ND Jew reflects on Holocaust and Heroism Memorial Day
Yom Hashoah: Holocaust and Heroism Memorial Day occurred April 12 this year and gave pause to reflect on being our brother's keeper, according to Ted Kleiman, a board member of Temple Beth El in Fargo.
"A life of deed, not creed," Kleiman said. "That is written on the front of our sanctuary that we see every Sabbath."
Judaism is about moral actions in this life and the eternal consequences of the next, he said. The Bible teaches how to live a righteous life, he said. It is a guideline of how to treat your fellow man.
The Israeli government established Yom HaShoah in 1953 to honor approximately 6 million Jews and 5 million others who perished at the hands of Nazi Germany, and for the Jewish resistance in that period.
But the Holocaust did not capture world attention until 1960 when Israeli agents captured Adolf Eichmann in Argentina, Kleiman said. The former Nazi SS officer was found guilty of crimes against humanity as the architect of the Holocaust and was hanged in 1962.
"There was a span of 15 years where no one talked about the Holocaust until the Eichmann trial," Kleiman said. "One single man was responsible for a whole murder campaign."
Hannah Arendt's book from the Eichmann trial, "A Report on the Banality of Evil," changed the idea that following orders is not an excuse to escape the consequences for actions that are morally wrong, he said.
As a college student in the 1960s, Kleiman visited Dachau concentration camp in Germany and Mauthausen Concentration Camp in Austria.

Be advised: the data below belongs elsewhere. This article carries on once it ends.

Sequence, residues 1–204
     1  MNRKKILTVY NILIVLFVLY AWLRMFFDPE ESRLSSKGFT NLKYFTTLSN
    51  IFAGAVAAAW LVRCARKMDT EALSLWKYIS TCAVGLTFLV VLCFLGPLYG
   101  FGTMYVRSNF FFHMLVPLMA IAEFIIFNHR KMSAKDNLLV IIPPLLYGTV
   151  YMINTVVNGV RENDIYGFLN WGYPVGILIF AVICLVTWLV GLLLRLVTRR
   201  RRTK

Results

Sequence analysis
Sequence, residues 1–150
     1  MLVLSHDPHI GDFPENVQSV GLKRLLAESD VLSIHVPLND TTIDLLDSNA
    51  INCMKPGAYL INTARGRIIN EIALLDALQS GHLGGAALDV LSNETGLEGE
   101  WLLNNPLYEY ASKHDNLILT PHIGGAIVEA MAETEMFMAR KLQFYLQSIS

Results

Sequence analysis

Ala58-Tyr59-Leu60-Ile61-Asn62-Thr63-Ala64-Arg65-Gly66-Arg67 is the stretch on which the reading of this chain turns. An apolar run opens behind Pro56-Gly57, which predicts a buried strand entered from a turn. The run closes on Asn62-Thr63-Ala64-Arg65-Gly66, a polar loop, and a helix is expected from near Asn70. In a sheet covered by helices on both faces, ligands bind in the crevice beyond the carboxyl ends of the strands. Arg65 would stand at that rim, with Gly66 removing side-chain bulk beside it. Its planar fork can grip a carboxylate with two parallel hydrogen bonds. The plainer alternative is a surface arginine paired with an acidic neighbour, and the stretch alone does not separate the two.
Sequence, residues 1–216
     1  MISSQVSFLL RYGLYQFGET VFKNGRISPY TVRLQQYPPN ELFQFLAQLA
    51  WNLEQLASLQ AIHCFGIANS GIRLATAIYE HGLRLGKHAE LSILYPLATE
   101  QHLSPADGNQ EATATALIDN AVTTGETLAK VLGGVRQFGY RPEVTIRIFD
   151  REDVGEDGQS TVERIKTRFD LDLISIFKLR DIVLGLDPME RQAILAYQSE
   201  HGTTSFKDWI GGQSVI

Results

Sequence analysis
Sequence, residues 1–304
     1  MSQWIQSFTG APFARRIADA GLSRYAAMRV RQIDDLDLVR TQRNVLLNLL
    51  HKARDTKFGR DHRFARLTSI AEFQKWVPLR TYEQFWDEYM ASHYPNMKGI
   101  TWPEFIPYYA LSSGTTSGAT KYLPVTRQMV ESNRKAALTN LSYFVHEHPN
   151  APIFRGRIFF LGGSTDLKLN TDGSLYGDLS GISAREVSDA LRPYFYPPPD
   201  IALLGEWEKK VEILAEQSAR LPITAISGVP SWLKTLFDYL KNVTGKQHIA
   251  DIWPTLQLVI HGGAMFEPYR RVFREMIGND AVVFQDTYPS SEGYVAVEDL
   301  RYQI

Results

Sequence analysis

"They kept everything as it was, like it was frozen in time," he said. "I cannot imagine what these folks experienced."
Yom HaShoah also remembers the Jews who refused to be evacuated from the Warsaw Ghetto to the extermination camps in April 1943. A few hundred people with pistols and Molotov cocktails in Poland inspired the largest resistance movement against the Nazis, he said.
Two divisions of the German army had to be called away from the Eastern front at the height of World War II to deal with it, he said.
"Against almost impossible odds, they made a real fight of it," Kleiman said.
About half of the Jews who died in the Holocaust were the slave laborers at thousands of work camp locations, Kleiman said. They were starved and worked to death in mines, factories and farms, he said.
More died on forced marches or were executed as the allies pushed the German army back within its borders, he said.
"At all the murder camps, the Nazi SS gave orders to kill everybody," Kleiman said. "There were more people than they could kill because they ran out of bullets."
Last August an exhibit, "The North Dakota Jewish Experience: Shvitzing It Out On The Prairie" opened at Bonanzaville in Fargo, he said. The exhibit celebrates the history and contributions of the Jewish community in North Dakota.
"It's a fabulous exhibit," Kleiman said. "I couldn't look at the whole thing at once it was so overwhelming."